Site Reliability Team Lead at News UK

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30 March 2015

Microservices Payload Design

by Mike

There are a lot of people talking about microservices at present. I understand it is fashionable and a lot of people are trying to get rich from consulting in the domain, but a lot of the things I hear are just plain wrong or bad practice.

People are just throwing microservices out there with little consideration of any of the basic requirements of operations. No idea of how they will monitor them; no concept of of how they can debug them and no regard as to how they upgrade them.

I came from a dev background and over time migrated into operations. I dislike fragile, hard to debug components.

I have learnt the hard way just how difficult a distributed microservice architecture can be - but it is still (when designed correctly) a better choice than a hulking monolith of code.

I like my payloads to be debuggable. For this reason I like JSON as a interchange format. It isn’t the most efficient representation format but can be easily human-parsed and is supported by most languages.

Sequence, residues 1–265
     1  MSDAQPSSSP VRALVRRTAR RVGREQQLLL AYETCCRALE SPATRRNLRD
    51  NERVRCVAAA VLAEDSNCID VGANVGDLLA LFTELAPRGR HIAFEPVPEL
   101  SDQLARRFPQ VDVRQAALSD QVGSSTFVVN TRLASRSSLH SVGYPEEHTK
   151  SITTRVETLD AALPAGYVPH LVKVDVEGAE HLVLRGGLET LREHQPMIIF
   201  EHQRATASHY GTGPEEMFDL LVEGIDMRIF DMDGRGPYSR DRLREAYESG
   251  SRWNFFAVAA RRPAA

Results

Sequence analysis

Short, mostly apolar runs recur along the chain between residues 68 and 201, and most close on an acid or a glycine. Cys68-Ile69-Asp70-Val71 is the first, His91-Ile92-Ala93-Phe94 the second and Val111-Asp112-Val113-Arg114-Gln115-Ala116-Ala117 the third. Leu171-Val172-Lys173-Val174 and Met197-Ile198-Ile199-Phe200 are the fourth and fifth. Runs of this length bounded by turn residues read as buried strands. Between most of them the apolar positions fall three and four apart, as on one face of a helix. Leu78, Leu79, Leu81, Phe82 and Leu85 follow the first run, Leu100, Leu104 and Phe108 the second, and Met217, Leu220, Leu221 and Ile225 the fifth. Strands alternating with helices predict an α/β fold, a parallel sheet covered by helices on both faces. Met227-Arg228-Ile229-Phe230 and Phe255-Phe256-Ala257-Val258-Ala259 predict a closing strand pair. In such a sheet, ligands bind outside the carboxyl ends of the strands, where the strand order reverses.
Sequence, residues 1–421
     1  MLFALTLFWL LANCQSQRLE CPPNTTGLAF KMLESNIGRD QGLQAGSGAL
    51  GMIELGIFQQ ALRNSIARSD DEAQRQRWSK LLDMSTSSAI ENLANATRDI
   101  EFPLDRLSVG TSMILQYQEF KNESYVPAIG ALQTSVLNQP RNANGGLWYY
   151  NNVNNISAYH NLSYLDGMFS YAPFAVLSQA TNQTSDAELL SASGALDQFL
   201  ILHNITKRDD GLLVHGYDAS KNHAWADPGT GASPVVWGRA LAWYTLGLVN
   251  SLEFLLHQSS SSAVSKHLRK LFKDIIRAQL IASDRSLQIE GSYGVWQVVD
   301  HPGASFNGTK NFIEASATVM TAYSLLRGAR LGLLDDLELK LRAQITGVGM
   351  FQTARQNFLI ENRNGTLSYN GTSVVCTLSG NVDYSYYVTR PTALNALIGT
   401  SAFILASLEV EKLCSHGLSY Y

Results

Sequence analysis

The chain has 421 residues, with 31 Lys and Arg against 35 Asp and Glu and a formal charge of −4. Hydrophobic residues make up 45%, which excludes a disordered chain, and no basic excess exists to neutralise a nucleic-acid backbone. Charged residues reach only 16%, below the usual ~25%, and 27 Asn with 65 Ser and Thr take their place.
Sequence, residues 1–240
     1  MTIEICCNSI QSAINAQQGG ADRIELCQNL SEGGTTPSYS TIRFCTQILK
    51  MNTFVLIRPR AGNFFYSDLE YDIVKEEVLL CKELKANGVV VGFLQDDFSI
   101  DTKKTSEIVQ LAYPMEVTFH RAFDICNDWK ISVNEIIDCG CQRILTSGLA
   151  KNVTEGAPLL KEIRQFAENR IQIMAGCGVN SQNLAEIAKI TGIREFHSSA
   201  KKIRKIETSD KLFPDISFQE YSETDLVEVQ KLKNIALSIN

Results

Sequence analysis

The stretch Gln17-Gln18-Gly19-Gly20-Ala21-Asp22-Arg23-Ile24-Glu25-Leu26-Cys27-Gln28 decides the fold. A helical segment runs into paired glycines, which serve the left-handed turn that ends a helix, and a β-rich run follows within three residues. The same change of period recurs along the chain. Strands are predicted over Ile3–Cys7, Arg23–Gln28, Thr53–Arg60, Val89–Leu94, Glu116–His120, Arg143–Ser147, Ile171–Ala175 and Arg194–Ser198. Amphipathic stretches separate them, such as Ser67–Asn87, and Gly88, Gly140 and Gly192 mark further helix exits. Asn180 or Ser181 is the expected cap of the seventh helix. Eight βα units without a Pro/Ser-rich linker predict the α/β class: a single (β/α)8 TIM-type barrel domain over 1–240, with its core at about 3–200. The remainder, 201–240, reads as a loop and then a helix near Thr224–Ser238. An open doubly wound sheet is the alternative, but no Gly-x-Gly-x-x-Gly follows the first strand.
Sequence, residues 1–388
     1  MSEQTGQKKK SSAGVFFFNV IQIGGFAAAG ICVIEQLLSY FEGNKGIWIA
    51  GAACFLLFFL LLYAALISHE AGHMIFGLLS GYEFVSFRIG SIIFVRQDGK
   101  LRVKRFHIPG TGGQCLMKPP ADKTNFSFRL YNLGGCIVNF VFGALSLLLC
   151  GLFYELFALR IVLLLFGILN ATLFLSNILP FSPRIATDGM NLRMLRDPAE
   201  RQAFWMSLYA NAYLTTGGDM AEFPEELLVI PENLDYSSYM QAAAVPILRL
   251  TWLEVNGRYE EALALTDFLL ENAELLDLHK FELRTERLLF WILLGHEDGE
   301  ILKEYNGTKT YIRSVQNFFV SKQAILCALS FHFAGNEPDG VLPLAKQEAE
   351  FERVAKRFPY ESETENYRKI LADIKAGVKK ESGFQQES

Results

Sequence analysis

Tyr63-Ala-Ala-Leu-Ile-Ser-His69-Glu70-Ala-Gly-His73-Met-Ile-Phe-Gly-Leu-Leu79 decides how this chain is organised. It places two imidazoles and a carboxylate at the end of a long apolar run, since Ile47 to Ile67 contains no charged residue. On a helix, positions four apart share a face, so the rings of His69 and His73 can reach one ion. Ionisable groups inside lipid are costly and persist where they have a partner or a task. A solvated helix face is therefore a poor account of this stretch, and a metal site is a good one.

I like to know how long a request has taken through the system so I put a uuid and microsecond timestamp when every request is first seen. I also like to know how long each step takes so I also append a timestamp and additional id for every process the request passes through.

Doing these in a uniform way allows you to take a payload from anywhere in the system and be able to use the same tools to perform basic analysis.

It can bloat the payload a little, but being able to see at a glance how quickly each worker is dealing with requests, how long each request takes end to end and what bottlenecks you are seeing allows you to define and keep contracts with your service consumers and detect potential failures before they happen and automatically trip circuit breakers to mitigate some of these issues.

I don’t have all the answers, but this is starting to work well for me.